From there on, Lily begins to find her place in life, and a future she never imagined. This story is unforgettable, and one that every teen age girl should see. It is about the world, and the way people are never truly good or evil, but a mix of both.

If you liked: Divine Secrets of the Ya-Ya Sisterhood, Beloved, Fried Green Tomatoes, The Cider House Rules

What's similar at the box office:
Closest would be Slumdog Millionaire

In one line: Dakota Fanning delivers a 4 star performance, which is like the icing on the cake, or in other words tops off an amazingly written screen play. Link
Rating: 4 out of 5 stars

For trailer:

Watch Collegiate on Movies for more Cheap Seats reviews.

Saturday, January 17, 2009

"Gran Torino" provokes ... everyone

Possibly one of Clint Eastwood's best performances yet, "Gran Torino" is not one to miss at the box office.

Eastwood's character, Walt Kowalski is a retired war vet, who has never quite forgotten the horrific events in his past. It is his experiences in the Korean war that have left him somewhat "scarred" from the audiences' standpoint.

Eastwood introduces Kowalski at his wife's funeral, as a hardened, cynical, white-haired racist that seems distant at best, from his two grown sons and their families. They urge him to join a retirement community, but Kowalski insists on staying in the home and neighborhood he has known his entire adult life.

The neighborhood is evolving. It is becoming a multicultural community, which only fuels Kowalski's prejudices. Next door, a family of Hmong immigrants strive to make their way in this Michigan neighborhood.

Thao, Bee Vang, the oldest male of the family, is pressured into joining his cousin's gang. As an initiation, he must steel Kowalski's prized possession, his 1972 Gran Torino. His unsuccessful attempt saves him from the gang lifestyle, and ironically throws him into an unexpected relationship with his next door neighbor, that changes the both of them forever.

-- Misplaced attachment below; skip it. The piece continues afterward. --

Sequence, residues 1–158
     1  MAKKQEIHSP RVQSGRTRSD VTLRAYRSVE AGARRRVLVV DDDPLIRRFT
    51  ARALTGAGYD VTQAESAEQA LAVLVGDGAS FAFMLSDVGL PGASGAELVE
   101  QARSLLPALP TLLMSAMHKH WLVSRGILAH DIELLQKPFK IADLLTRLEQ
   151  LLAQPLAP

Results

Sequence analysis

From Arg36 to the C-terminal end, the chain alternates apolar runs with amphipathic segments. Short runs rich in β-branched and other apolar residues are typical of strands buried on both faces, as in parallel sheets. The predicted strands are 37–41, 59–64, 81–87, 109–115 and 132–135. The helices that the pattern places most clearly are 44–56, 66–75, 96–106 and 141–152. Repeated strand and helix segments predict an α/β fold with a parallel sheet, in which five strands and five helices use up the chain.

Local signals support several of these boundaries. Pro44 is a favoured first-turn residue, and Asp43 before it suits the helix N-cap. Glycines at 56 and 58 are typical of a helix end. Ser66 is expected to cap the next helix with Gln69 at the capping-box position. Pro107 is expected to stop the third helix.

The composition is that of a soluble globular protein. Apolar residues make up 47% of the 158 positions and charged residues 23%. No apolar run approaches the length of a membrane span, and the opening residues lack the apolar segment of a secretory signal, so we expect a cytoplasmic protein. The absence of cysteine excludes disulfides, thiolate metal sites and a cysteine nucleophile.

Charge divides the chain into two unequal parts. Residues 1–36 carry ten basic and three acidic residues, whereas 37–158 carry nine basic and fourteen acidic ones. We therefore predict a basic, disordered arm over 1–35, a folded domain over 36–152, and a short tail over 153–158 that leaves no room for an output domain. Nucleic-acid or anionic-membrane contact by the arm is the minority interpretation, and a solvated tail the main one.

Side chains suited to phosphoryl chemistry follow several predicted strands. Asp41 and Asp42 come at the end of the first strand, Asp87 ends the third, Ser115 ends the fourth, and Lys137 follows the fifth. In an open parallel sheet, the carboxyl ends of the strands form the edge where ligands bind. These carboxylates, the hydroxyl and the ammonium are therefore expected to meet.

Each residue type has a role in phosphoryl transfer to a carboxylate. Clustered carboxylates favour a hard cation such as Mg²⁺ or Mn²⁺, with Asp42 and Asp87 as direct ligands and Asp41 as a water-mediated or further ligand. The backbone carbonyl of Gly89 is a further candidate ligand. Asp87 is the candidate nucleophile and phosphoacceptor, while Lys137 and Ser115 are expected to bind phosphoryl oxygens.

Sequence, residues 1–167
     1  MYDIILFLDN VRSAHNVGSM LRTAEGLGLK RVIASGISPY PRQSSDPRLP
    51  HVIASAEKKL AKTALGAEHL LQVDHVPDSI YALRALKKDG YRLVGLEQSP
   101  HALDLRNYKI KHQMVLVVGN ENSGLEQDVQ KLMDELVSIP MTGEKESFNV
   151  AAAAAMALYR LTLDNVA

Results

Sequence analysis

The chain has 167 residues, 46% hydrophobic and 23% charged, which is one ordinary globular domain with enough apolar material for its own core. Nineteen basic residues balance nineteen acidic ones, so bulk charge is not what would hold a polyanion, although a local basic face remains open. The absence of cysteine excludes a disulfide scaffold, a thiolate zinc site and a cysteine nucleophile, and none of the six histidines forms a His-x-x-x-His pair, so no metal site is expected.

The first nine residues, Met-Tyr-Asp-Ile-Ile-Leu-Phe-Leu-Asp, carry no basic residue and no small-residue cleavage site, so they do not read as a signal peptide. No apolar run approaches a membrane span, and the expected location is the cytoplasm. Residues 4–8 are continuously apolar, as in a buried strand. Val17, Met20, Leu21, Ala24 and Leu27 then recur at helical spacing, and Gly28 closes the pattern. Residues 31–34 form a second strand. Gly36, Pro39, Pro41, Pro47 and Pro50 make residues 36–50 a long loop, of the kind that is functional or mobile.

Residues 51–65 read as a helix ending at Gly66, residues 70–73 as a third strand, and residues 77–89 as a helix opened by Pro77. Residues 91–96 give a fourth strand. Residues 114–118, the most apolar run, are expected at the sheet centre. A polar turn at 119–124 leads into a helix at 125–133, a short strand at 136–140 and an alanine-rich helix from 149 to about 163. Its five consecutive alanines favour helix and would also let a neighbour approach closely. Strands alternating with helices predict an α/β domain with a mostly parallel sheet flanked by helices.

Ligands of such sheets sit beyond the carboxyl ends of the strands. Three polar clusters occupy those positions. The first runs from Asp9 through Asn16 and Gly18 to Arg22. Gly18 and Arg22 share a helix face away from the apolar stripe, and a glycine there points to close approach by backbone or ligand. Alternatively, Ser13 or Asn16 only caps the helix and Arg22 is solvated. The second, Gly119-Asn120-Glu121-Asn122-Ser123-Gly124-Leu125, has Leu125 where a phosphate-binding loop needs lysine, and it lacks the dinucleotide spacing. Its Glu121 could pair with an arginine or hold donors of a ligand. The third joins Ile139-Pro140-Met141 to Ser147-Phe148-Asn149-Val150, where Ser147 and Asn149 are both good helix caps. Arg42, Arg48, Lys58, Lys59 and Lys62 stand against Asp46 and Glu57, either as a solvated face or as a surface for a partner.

Eastwood spares no empathy in expressing every racial slur in the book. Some may be offended by this language, however it is his language and demeanor that give his character depth, and also show the dynamism of human nature. It is the very people he has stereotyped so harshly in the past that understand him better than his own family.

Be prepared to experience a range of emotions is this amazingly written screen play. At times you will be laughing, then crying, then holding your breath. However, with the reoccurring theme of life and death throughout the movie, it is no surprise that each of these emotions plays a significant role in the plot.

If you liked: "American History X"
"Million Dollar Baby" (Although this was not one of my favorite movies, many themes can be compared in both flicks."

What's similar at the box office:

In one line: With red carpet quality performances, look for "Gran Torino" to scoop up nominations in categories across the board.

Rating: 4.5 out of 5 stars

For trailer:

Thursday, January 1, 2009

"Bedtime Stories" not a bad family flick

Filled with raining gumballs, a treadmill friendly guinea pig, and of course a booger monster, Happy Madison's Bedtime Stories is a ride through a world of imagination.
As one of Adam Sandler's better productions, this film truly inspires children to dip into a world of pretend.